Pupillage during a Pandemic
January 8, 2021
First-six criminal pupil, Ben Berkson, provides a first-hand account of his pupillage experience so far during the Covid-19 era.
Furlough, lockdown, tier systems. 2020 really was a crazy year for everyone. Personally speaking, most of the year was shrouded in uncertainty. I was placed on furlough leave in March by my previous employers and I did not start pupillage until September.
Simmering away in the back of my mind throughout this six-month purgatory was my pupillage start date. A September start was not the original plan. However, Exchange reacted sharply to the pandemic. They were careful to ensure that pupillage was not compromised by the first national lockdown. As the criminal pupil it was even more imperative for me to be at the coal face of the criminal justice system, rather than behind a screen in my flat. When I was informed in March by chambers that pupillage was going to be postponed my initial reaction was disappointment. Looking back – in hindsight – I do not think the rounded pupillage experience would have been possible if it commenced in April. For instance, criminal practitioners were either working from home or appearing at urgent hearings via link until June.
Things have gradually transitioned back to normality and, from my perspective, pupillage has not been affected substantially by the pandemic. I have only worked from home once (touch wood). I step foot into chambers nearly every working day and as a result I have got to know a significant portion of our Liverpool based practitioners. Whether shadowing my supervisor Martine Snowdon, or other members of Exchange’s criminal team, you will find me in Liverpool Crown Court Monday – Friday. There have been some trivial differences. For instance, everyone has to wear facemasks in the communal court areas. On a couple of occasions, I have been barred from some courtrooms due to capacity issues brought about by the need for social distancing. Forced periods of self-isolation, whether from a juror, witness, advocate or defendant have caused the courts no end of difficulty from a case management perspective, but they are coping well regardless.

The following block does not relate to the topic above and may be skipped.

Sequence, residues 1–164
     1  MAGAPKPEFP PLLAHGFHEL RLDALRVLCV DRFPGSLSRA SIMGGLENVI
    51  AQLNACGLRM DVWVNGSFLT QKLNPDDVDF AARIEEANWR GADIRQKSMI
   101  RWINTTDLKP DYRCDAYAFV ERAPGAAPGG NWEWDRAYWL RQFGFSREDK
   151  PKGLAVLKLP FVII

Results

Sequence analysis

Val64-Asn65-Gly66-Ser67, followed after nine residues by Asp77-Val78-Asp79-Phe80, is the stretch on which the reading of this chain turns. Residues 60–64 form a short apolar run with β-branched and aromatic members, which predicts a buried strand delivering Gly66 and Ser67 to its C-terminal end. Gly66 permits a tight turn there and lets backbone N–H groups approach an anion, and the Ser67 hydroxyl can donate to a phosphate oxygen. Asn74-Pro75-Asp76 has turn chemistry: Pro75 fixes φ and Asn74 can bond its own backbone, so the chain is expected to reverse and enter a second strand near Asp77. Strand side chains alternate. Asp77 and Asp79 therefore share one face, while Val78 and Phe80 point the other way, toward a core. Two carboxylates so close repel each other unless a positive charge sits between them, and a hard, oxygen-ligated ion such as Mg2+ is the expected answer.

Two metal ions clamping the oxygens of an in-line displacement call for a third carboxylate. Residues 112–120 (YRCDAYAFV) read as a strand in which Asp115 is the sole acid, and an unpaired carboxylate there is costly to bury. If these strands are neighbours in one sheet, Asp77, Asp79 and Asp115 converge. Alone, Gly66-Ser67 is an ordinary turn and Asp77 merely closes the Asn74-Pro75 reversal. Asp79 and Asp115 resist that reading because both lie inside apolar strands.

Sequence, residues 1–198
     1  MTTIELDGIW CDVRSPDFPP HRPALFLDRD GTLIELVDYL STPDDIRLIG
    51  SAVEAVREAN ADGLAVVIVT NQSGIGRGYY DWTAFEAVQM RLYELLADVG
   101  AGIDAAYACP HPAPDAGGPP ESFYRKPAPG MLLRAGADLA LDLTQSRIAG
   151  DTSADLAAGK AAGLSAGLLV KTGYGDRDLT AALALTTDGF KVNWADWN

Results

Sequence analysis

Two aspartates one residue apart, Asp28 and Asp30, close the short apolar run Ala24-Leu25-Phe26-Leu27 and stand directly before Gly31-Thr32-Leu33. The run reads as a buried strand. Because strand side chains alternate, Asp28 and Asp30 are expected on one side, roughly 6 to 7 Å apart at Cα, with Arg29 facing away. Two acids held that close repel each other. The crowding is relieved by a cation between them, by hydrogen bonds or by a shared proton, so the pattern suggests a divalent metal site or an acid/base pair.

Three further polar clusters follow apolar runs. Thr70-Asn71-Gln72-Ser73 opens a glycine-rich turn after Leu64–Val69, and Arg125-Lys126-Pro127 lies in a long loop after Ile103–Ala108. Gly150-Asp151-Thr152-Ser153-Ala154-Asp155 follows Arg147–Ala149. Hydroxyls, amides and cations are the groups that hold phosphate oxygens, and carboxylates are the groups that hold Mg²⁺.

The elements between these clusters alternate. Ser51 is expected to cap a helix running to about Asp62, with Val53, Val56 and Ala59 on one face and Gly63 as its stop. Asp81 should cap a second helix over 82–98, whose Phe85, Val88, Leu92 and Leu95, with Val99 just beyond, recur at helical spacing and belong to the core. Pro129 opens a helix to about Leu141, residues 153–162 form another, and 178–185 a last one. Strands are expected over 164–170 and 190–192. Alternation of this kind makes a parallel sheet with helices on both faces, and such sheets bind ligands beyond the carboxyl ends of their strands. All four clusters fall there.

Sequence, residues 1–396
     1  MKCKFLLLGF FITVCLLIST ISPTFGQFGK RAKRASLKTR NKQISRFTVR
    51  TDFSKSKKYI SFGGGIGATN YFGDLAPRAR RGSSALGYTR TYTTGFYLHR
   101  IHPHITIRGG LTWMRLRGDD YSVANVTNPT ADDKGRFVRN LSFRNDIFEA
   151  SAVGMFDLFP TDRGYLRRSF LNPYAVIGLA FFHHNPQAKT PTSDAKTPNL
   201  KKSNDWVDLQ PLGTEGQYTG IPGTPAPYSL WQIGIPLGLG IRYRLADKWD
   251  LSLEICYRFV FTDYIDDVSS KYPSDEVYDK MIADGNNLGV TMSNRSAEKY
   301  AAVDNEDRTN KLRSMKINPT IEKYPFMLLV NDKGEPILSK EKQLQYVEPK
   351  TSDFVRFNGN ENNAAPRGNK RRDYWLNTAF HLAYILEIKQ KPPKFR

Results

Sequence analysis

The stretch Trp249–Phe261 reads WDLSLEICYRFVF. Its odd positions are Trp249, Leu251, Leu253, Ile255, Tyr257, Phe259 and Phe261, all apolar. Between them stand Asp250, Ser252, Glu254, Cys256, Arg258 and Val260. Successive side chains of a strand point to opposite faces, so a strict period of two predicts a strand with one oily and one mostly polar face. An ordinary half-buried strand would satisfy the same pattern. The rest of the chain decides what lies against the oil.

A word being used more and more at present is ‘isolation’. Unfortunately, in the current zeitgeist of Covid, many people, whether isolated from family, friends or colleagues, are struggling. For me, pupillage has in no way been an isolating experience. I cannot take all the credit for that despite being a natural busy body. I have to credit my supervisor. I give thanks to my fellow pupils who have been such positive influences. Nothing makes someone feel part of the herd more than a Christmas party. Whilst it could not take place in classic Exchange fashion this year, I would like to give a shout out to John Jones QC for his Zoom quiz which brought the criminal team together (I could not mention this without reference to Harriet Lavin’s excellent winning performance). Last, but not least, I would like to thank all the clerks and support staff at Exchange for making me feel right at home.
For those who think that the pandemic might slow down the pace of pupillage, I can confidently say that I have had the broadest and most interesting set of experiences and I am only three months in. I was instructed on a noting brief in a watershed case on the admissibility of ‘Encrochat’ evidence which is going to have a ripple effect on our criminal justice system for years. I have learned so much from observing jury trials and interim hearings in front of nearly every judge in Liverpool Crown Court. The pandemic has undoubtedly caused me to have a very localised pupillage. Thus far I am yet to sample the delicacies of the other northern court centres (places I am bound to be a frequent flyer to in my second-six). I did spend a few days in the Lowry Theatre’s Nightingale Court, however, which is something to tick off the legal bucket list.
To conclude, the thought of pupillage in the months leading up to September did worry me. However, those worries have been alleviated and I feel very privileged. To give a couple of examples, a large motivation for me in this profession was the camaraderie of both the criminal bar and the Northern Circuit. These are two areas which I expected to diminish significantly due to Covid-19. Liverpool Crown Court’s robing room is a bustling hum of noise and gossip (with the occasional discussion about law). Furthermore, I have already attended several Northern Circuit events (virtual of course). A couple have been helpful educational webinars hosted by our very own David Temkin QC. However, there have also been social events called mess. I was sceptical about how a dinner party- style event could be translated into Zoom, but these ‘dinners’ have been brilliant. I have met people from all sections of the bar, from the higher echelons of the judiciary to young upstarts like myself. Conversation never runs dry and the camaraderie is just as demonstrable as I remember from the halcyon days before this wretched virus.
As we embark on the next lockdown, I am confident that the criminal bar will adapt to the increasing challenges of the virus to ensure that justice is properly administered. Further, I do not expect Covid-19 to curtail my pupillage or my career as a criminal practitioner.
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